The interest rates of federal student loans are typically lower than that of private student loans and they offer income-driven repayment plans and other perks such as public service loan forgiveness. Keep in mind that, as mentioned, one of the federal student loan requirements is attending an accredited institution.
6. Private Student Loans for Cosmetology School
You can also obtain private student loans for cosmetology school. Private student loans for cosmetology school are different from federal student loans because they come from different organizations. However, they also diverge further from there. Private student loans may require you to make payments while you are still in school. They may have variable or fixed interest rates. Federal interest rates, on the other hand, are always fixed.
Private cosmetology school loans are not subsidized, which means that your lender doesn’t pay the interest on your loans while you’re in school. You’re usually completely responsible for paying the interest on your loans.
In addition, you must also have to have a positive credit history or a cosigner to get a private loan. You cannot consolidate your loans (turn them into one loan) like you can with a federal Direct Consolidation Loan or take advantage of loan forgiveness programs with a private student loan. Because private student loans lack the benefits offered with federal student loans, they are often considered a last-resort option.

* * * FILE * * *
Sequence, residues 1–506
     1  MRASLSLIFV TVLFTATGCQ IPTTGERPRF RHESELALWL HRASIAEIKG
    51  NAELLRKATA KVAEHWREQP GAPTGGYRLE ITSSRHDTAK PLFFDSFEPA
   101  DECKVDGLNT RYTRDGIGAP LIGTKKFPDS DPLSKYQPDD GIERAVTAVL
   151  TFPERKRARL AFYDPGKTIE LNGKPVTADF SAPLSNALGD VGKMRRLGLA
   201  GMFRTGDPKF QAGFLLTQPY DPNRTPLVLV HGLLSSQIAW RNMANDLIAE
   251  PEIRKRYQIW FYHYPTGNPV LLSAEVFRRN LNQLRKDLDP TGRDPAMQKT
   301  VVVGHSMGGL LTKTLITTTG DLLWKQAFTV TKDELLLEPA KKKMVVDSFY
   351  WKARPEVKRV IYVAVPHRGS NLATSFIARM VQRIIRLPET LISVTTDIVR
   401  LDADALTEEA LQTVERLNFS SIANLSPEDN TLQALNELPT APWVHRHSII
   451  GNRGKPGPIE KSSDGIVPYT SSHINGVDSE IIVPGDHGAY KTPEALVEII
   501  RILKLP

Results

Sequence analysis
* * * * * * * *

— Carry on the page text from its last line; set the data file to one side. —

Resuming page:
Are student loans worth it? It’s important to remember that private student loans can fill in the gaps between scholarships, grants, your own cash, and cosmetology loans for school. Check on the student loan requirements among private student loans as well as when to apply for student loans.
Explore Private Student Loan Options With SoFi
If you decide to take advantage of your federal student loan options but still need more loans to cover your tuition bill, private student loans with SoFi may help. SoFi private student loans may be an option for certain eligible certificate programs.
SoFi offers competitive rates for qualifying borrowers as well as flexible repayment options. You also won’t pay any extra fees to get a private loan with SoFi.
Are there student loans for cosmetology school?
Yes, you can take advantage of both federal student loans and private student loans for cosmetology school. You may also want to consider tapping into trade school loans as well. It’s worth meeting with the financial aid office at your cosmetology school in order to make the right decision about the type of loans for your particular situation.
How do you get money for cosmetology school?
In order to get money for cosmetology school, you’ll want to file the Free Application for Federal Student Aid (FAFSA). The FAFSA determines your eligibility for federal and institutional financial aid, including institutional scholarships, federal student loans, and grants. If you want to apply for outside scholarships, you may have to seek out and apply for independent scholarships.
How do I go to cosmetology school for free?
You may be able to get free training while still in high school. Many high schools have agreements with technical or vocational schools or community colleges that allow you to attend at no cost. Some community colleges also offer free tuition to certain students as long as they meet certain requirements.
Photo credit: iStock/Natalia Rusanova